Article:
As of January 2019, federal law enforcement has the ability to view a subject’s DNA status via their NCIC criminal history record. Near the top of the criminal history record, above the biographical information, there now is a DNA indicator that will inform law enforcement as to whether or not a DNA profile already exists in the Combined DNA Index System (CODIS) for a particular subject. This report can be accessed at any time prior to arrest and/or booking, therefore saving law enforcement time and resources by significantly reducing duplicative DNA collections. This DNA indicator is useful for determining whether or not a previously submitted DNA sample has been uploaded to CODIS. If the status of a DNA sample submitted within the last 30 days must be determined, the FDDU Sample Status Request form is recommended.
The Federal DNA Database Unit (FDDU) serves the greater forensic community by aiding investigations through hit confirmations against individuals whose profiles are in the National DNA Index System (NDIS). Agencies submit blood or buccal samples to the unit from individuals who are required by law to do so. These include individuals convicted of, arrested for, or facing charges of certain qualifying federal crimes or convicted of qualifying District of Columbia offenses, as well as non-U.S. citizens who are detained under the authority of the United States. FDDU then produces a DNA profile for each of these individuals and uploads it to the NDIS, which is part of the Combined DNA Index System (CODIS).
These known DNA profiles are then searched against unknown forensic profiles from crime scenes across the country. If a match is identified, the casework laboratory can request FDDU to confirm the offender sample DNA profile. Once the profile is confirmed, the FDDU will then release the subject's personal identifying information back to the casework laboratory. This information can then be passed on to investigators in the hopes of apprehending the perpetrator. Thanks to law enforcement agencies and their sample submissions, FDDU has uploaded over one million profiles to NDIS and has aided thousands of investigations to date.
Under the overall direction of the FDDU chief, unit operations effectively cascade across two supervisors and are guided by their respective management of integral program teams. A team of accessioning scientists handle the initial triage of submissions into the unit, inventorying samples, inputting specimen data, and preparing specimens for the beginning stages of testing. A team of laboratory scientists apply robotic processing stations and high-throughput instrumentation to generate DNA typing results from samples within days of sample acceptance. A team of reporting scientists interprets the resulting DNA profiles, approve data for upload, and author correspondence to casework laboratories regarding database associations confirmed between FDDU specimen DNA profiles and corresponding evidentiary DNA profiles.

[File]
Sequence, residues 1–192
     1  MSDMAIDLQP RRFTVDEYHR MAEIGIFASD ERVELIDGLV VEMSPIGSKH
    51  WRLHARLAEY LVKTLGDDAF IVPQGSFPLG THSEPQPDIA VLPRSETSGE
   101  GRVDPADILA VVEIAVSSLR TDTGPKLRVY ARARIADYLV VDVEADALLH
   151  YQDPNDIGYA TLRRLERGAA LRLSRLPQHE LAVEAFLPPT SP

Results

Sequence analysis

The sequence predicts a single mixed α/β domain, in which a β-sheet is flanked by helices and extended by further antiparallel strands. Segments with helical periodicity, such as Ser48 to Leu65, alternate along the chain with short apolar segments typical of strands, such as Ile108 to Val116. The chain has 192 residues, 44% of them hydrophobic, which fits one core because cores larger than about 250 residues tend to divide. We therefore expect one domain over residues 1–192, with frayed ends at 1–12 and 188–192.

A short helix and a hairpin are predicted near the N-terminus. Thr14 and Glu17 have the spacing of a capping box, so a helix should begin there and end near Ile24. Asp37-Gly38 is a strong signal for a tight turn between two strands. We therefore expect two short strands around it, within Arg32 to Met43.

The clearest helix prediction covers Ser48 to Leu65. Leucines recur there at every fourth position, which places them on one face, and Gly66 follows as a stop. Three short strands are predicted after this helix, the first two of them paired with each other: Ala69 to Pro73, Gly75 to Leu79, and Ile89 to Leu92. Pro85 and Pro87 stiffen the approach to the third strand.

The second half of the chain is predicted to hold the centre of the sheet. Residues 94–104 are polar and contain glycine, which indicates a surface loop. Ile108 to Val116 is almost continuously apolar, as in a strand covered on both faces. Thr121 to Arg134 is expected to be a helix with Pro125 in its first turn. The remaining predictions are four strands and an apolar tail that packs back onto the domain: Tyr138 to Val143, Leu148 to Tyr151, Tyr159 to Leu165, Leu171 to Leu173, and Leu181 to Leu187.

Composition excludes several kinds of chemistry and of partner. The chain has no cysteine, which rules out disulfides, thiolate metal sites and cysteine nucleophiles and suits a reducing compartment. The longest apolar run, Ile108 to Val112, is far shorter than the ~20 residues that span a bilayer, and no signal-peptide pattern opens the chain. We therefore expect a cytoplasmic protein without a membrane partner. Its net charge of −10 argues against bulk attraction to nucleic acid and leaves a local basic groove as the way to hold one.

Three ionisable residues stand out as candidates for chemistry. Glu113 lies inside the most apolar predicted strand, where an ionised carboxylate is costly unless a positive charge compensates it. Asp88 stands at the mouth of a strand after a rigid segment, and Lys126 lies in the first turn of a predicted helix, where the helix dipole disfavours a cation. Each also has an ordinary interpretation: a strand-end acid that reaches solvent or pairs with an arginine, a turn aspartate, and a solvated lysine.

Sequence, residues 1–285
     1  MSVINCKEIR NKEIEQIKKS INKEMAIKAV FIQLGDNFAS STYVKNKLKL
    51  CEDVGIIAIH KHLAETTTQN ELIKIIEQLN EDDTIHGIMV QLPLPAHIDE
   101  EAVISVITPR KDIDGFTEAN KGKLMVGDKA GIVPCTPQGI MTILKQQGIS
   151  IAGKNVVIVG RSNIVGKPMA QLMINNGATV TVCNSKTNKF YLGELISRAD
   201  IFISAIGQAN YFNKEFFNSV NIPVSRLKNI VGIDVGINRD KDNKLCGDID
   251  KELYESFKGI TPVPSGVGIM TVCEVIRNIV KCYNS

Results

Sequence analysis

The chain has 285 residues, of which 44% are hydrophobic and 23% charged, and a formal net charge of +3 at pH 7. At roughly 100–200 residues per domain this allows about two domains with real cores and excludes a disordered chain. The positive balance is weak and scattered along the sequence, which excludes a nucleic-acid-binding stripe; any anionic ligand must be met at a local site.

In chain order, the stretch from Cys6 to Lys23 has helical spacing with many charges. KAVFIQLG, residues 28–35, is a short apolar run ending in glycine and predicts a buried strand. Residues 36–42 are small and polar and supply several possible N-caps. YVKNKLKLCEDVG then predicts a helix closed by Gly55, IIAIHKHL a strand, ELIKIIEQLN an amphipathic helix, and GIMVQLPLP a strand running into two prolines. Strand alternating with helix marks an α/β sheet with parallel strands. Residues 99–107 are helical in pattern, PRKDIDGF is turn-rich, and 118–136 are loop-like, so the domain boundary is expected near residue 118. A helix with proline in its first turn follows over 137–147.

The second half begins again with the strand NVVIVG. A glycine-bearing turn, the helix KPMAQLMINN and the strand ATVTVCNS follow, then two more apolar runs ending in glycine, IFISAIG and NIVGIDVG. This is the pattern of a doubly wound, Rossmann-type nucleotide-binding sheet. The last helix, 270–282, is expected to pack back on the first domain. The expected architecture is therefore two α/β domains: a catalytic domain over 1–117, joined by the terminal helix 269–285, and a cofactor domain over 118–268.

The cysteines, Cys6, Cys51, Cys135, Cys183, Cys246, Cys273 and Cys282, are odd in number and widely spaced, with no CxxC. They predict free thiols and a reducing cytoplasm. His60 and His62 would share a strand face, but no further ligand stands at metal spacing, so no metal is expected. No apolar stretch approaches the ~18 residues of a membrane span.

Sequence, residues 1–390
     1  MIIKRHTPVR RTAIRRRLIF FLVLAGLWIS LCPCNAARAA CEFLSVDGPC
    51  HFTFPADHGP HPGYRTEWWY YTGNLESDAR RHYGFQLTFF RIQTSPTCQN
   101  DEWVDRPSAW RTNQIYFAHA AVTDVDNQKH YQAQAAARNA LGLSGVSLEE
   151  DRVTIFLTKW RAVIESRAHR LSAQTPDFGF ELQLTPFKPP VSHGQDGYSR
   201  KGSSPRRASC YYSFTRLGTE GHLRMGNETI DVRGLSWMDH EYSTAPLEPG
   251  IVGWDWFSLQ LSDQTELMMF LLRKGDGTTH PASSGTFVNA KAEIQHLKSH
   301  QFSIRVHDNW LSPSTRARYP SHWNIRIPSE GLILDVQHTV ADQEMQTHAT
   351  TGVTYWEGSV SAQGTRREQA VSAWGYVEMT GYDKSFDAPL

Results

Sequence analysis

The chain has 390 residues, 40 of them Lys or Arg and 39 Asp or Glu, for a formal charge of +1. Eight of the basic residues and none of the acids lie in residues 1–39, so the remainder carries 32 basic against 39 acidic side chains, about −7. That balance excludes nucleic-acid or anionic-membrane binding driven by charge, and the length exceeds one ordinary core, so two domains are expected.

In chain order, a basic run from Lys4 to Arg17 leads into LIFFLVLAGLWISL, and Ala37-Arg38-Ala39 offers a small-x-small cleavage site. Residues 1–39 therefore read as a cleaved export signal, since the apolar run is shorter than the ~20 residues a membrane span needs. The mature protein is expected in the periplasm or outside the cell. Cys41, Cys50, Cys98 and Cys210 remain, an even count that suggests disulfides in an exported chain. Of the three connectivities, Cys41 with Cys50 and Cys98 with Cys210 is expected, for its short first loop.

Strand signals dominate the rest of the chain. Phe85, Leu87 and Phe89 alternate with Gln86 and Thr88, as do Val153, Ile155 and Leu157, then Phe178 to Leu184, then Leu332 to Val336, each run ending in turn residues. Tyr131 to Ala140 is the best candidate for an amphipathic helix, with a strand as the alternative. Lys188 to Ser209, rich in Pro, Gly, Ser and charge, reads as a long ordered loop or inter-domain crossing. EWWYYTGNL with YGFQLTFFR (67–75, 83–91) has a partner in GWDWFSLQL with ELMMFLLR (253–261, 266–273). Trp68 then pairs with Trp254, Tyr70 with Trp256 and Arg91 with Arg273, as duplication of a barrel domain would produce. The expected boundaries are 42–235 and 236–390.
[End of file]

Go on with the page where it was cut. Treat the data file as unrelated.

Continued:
On a compliance level, the FDDU is supported by teams of DNA technical specialists and DNA program specialists, who have critical responsibilities within the unit for ensuring the quality assurance and quality control of analytical testing, as well as conformance of database operations with established procedural requirements.
Administratively, the unit is supported by a team of management and program analysts with responsibilities for budgetary execution, procurement, inventory, and logistical applications. The unit relies heavily upon an information technology team to support the unit network and overall infrastructure backbone that drives the various operational applications.
From a technology perspective, a DNA Laboratory Information Management System (LIMS) is critical for the automated development of specimen works lists, controlling the stepwise progression of each sample through the entire analytical process. The FDDU utilizes robotic systems in the laboratory to achieve high-throughput processing, allowing for a day-through-evening uninterrupted workflow without human intervention, permitting maximum operational efficiency. A sophisticated software analysis tool (expert system) permits an automated review of resulting DNA data with a reduced level of scientist intervention, increasing throughput rate while consistently meeting or exceeding required performance measures.
FDDU was initially established in 2000 as the Federal Convicted Offender (FCO) Program as a result of the DNA Backlog Elimination Act. Expanding DNA legislation over the next decade significantly impacted both the scope and direction of the FCO Program, which began overseeing the uploading of DNA profiles into NDIS in 2002 and became its own unit, FDDU, in 2009. By July 2015, the unit uploaded its one millionth sample to NDIS.
The current Bode Buccal Collection Kit, released October 1, 2016, and previous kits can be submitted to FDDU by following the instructions in the respective links. The letters “B”, “C”, “D”, and “E” referenced for the kit will be the first character of the kit barcode printed on the main kit envelope:
The Federal DNA Database has created an instructional DVD video available for training and education about our unit and DNA collection kits. These DVDs are available for official law enforcement and other federal collection agencies only. They are free of charge; please email us at email@example.com if you would like to place an order.